Festivals, Reviews

Sundance 2022: ‘After Yang’ – A Solemn Take on the Humanity of the Posthuman

Five years after Kogonada’s debut Columbus, he’s back at Sundance with his sophomore feature fresh from its Cannes premiere last July. In a more ambitious artistic endeavor, Kogonada continues to improve himself with After Yang. After Yang is adapted from Alexander Weinstein’s short story “Saying Goodbye to Yang”, a sci-fi tale set in the future… Continue reading Sundance 2022: ‘After Yang’ – A Solemn Take on the Humanity of the Posthuman

Festivals, Reviews

Sundance 2022: ‘Leonor Will Never Die’ – A Love Letter to Filipino Cinema

In Martika Ramirez Escobar's director statement, she talks about a famous action star without any political background nabbing the most powerful position in the country. She reflects on how this ties to the Filipino people’s love for movies, especially action. Decades later, a macho man that seemed straight out of “bakbakan” (fighting) films became the… Continue reading Sundance 2022: ‘Leonor Will Never Die’ – A Love Letter to Filipino Cinema

Festivals, Reviews

Sundance 2022: ‘When You Finish Saving the World’ – Jesse Eisenberg’s Directorial Debut is a Thin Mother-Son Drama

In an adaptation of his five-hour audio play for Audible, Jesse Eisenberg gives us a look into Evelyn Katz (Julianne Moore), who runs a domestic violence shelter, and her son Ziggy (Finn Wolfhard), a teen preoccupied with internet fame. As Eisenberg introduces his film to an all-virtual Sundance audience, yet again for the second year… Continue reading Sundance 2022: ‘When You Finish Saving the World’ – Jesse Eisenberg’s Directorial Debut is a Thin Mother-Son Drama

Festivals, Reviews

Sundance 2022: ‘Fresh’ – A Fun and Horrifying Take on the Dangers of Dating

The dating world is now more complex than ever thanks to the emergence of dating apps. You will find creeps, friends with benefits, or someone who you’ll date for maybe a month, but only if you’re lucky.  Such is the case for Noa, played by Daisy Edgar-Jones fresh from her Normal People fame, who is… Continue reading Sundance 2022: ‘Fresh’ – A Fun and Horrifying Take on the Dangers of Dating

Reviews

‘The Power of the Dog’: Desire is a Double-Edged Sword

Desire is vast; it’s also a double-edged sword. Much like love, desire, as Euripedes put it, doesn’t win the game. It changes it. In Jane Campion’s The Power of the Dog (adapted from Thomas Savage’s novel of the same name), wealthy brothers Phil and George Burbank (played by Benedict Cumberbatch and Jesse Plemons) meet a… Continue reading ‘The Power of the Dog’: Desire is a Double-Edged Sword

Reviews

‘In The Same Breath’: Unmasking the Real Virus

Known for her award-winning documentary One Child Nation, the fearless Nanfu Wang returns to the screens with one of the century’s most relevant documentaries In the Same Breath. Releasing it a year after the onset of the COVID-19 virus, In the Same Breath vividly relives everything—from our last taste of normalcy to our first sip… Continue reading ‘In The Same Breath’: Unmasking the Real Virus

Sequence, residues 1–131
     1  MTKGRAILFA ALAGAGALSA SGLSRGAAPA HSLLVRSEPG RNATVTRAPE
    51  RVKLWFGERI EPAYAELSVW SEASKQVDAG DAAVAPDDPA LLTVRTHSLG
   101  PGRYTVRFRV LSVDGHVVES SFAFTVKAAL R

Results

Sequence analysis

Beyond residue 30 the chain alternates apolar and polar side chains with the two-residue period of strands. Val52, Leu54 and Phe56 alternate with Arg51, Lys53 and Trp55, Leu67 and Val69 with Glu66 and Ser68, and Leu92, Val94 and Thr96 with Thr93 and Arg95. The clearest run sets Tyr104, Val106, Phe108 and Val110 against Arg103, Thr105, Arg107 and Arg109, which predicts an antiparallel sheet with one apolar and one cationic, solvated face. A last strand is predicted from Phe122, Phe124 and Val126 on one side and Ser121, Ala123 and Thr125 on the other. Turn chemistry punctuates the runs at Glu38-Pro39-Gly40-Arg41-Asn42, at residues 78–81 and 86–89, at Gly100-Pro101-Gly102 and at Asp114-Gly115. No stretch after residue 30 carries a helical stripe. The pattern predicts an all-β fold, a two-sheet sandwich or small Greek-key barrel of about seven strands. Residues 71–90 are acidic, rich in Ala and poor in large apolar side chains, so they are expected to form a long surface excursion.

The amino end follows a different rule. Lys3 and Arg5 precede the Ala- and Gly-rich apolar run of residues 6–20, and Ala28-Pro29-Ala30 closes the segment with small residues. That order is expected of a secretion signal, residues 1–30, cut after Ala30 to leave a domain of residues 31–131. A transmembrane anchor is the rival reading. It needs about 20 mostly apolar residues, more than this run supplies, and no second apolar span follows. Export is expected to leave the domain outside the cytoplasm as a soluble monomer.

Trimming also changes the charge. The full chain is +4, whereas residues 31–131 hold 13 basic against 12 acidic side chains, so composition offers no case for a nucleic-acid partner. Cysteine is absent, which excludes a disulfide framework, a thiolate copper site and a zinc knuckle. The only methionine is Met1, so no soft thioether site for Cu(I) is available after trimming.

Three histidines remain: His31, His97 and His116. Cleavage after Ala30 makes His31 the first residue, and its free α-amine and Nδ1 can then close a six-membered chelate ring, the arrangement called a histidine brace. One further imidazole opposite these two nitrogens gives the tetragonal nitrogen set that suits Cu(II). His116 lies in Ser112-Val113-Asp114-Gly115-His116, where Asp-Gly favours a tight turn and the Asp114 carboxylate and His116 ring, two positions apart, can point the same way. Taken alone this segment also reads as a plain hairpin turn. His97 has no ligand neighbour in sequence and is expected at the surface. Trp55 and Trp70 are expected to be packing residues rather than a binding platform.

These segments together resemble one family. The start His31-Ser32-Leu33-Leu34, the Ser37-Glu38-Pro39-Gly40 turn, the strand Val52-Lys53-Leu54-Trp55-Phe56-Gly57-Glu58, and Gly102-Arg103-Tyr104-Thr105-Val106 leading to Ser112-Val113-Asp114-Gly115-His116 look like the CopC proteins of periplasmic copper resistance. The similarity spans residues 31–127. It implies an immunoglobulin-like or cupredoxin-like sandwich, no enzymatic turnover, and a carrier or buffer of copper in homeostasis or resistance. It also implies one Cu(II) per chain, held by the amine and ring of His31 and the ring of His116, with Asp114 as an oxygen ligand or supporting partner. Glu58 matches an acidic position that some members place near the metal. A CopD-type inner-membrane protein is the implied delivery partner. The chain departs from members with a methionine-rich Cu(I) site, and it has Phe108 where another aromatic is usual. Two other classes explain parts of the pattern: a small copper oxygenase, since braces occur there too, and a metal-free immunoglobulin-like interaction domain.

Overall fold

Reviews

‘Benedetta’ and How Power Structures Validate The Beliefs We Have

Spoilers ahead. Paul Verhoeven might be one of the greatest modern-day iconoclasts in film history. A satirist and provocateur who never lets good taste get in the way of his moral statement, he has made some of the most subversive critiques of Western society while making them fun and accessible to a general audience.  His… Continue reading ‘Benedetta’ and How Power Structures Validate The Beliefs We Have

Reviews

‘Tick, Tick… Boom!’: An Ode to Life’s Urgency to Create

Much can be said about Jonathan Larson’s short-lived life. He’s best known for the musical Rent, which success he tragically failed to see after a sudden death. A gifted playwright, Larson spent his 35 years of life dedicated to writing and composing musicals about grief, love, and a bucket load of questions: Fear or love?… Continue reading ‘Tick, Tick… Boom!’: An Ode to Life’s Urgency to Create

Reviews

‘Mothering Sunday’: On Grief and Love of the Unloved

Starring Josh O’Connor, Olivia Colman, and Colin Firth, Eva Husson’s film Mothering Sunday already promises a beloved British period drama from the cast alone. That said, the film cannot be saved by their great performances.  Mothering Sunday is based on a book about the aftereffects of World War I on the lives of tight-knit British… Continue reading ‘Mothering Sunday’: On Grief and Love of the Unloved

Festivals, Reviews

TIFF 2021: ‘The Worst Person in the World’—Understanding Millennial Angst Under Societal Pressure

The ironic titling of Joachim Trier’s film is the perfect way to capture how some of us describe ourselves at one point in our lives. Whatever our reasoning may be, however major or minor, we think of ourselves as “the worst person in the world” over it. In the final film of his “Oslo trilogy”… Continue reading TIFF 2021: ‘The Worst Person in the World’—Understanding Millennial Angst Under Societal Pressure